Is Your Plan Keeping up?
All employers, regardless of size are looking to maximize their 401(k) benefit while keeping plan costs in check. With that in mind, we have compiled a list of the top five plan trends we are seeing currently. Please let us know if you have any questions on the below or would like additional information on how you might incorporate any of these features into your company plan.
Auto Enrollment Most 401(k) plans require employees to actively choose to put money into the plan. Many plans are starting to adopt automatic enrollments as a way to increase participation. Automatic enrollments withhold a certain percentage of employee pay automatically to put into the retirement plan, and then allow the employees to opt out if desired. As an employer, this is beneficial because it not only increases plan participation, but also offers significant tax advantages to both employer and employer.
Utilize on-line tools/education By utilizing the tools available from your plan provider, participants can establish saving goals, measure progress and research the funds available to them. Many providers are also implementing on-line services such as loan requests, distributions, and deferral changes to name a few.
Stretch the Employer Match Studies show that how an employer’s matches employee contributions to retirement plans can have a huge impact on deferral rates. For example, let’s say, you are matching 100% of the first 3% that your employees contribute to the plan. Instead, you could S T R E T C H your match to a 50% match of 6% of pay. In doing this you essentially have increased your employees’ annual contributions from 6% to 9% of their pay. Imagine what 3% of their pay over 20 years could grow to for retirement. While you are incentivizing saving you, are not significantly increasing the cost to the company.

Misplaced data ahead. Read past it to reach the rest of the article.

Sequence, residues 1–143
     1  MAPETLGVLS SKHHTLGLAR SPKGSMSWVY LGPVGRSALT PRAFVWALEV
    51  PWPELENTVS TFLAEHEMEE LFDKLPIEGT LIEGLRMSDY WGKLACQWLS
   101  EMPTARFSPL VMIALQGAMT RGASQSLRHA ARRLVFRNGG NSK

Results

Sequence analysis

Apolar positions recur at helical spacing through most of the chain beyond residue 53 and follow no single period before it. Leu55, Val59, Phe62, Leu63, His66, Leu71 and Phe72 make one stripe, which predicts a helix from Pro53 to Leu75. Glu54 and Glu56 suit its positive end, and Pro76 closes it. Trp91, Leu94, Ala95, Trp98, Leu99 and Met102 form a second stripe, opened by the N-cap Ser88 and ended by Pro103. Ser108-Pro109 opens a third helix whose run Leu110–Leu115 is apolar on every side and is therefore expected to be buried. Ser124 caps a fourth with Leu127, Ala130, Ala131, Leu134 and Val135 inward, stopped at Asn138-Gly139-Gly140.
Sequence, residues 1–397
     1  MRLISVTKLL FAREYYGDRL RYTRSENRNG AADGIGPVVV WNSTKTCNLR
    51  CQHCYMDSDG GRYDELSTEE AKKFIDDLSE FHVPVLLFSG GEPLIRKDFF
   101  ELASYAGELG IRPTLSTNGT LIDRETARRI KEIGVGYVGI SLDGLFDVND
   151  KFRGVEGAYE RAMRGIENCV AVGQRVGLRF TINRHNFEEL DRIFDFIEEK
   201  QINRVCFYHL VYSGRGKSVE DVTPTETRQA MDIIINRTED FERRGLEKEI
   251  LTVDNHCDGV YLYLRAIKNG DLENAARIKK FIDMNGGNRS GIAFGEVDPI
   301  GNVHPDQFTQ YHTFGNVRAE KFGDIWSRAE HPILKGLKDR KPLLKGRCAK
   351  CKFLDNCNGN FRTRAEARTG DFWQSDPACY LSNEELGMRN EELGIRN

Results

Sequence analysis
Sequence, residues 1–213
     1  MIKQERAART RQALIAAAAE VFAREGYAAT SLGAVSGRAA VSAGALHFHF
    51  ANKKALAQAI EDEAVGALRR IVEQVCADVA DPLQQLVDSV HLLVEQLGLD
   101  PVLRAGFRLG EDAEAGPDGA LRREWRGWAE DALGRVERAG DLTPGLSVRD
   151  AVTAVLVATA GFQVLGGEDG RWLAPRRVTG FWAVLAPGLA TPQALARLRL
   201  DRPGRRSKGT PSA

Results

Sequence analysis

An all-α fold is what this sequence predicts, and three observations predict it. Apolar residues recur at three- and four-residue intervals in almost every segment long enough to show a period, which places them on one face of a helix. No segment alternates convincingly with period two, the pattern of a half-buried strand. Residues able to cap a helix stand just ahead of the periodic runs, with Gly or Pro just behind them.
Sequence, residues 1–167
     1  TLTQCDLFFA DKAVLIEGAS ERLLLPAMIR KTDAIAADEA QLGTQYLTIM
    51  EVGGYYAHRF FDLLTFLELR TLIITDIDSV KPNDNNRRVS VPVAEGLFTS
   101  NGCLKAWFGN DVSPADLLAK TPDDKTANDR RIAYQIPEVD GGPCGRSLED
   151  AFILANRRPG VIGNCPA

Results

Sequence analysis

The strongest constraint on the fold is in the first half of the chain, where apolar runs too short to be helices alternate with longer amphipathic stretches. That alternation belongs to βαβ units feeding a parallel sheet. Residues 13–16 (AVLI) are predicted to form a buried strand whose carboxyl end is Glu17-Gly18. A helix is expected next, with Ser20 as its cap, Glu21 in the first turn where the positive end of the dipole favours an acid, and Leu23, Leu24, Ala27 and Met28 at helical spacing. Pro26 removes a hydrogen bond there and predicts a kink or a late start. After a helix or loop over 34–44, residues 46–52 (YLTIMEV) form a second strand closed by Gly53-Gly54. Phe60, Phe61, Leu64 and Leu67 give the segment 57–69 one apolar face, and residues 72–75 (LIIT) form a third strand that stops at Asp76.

Offer a Roth Component With a traditional 401(k) contribution all money is going into the plan on a pre-tax basis. By adding a ROTH contribution option you give your participants the option of making post-tax contributions which means Instead of getting a tax break when you make the contributions, Roth accounts allow you to pay the income tax at your current rate. This can be especially beneficial for people who are young or in a low tax bracket. Withdrawals in retirement will then be tax-free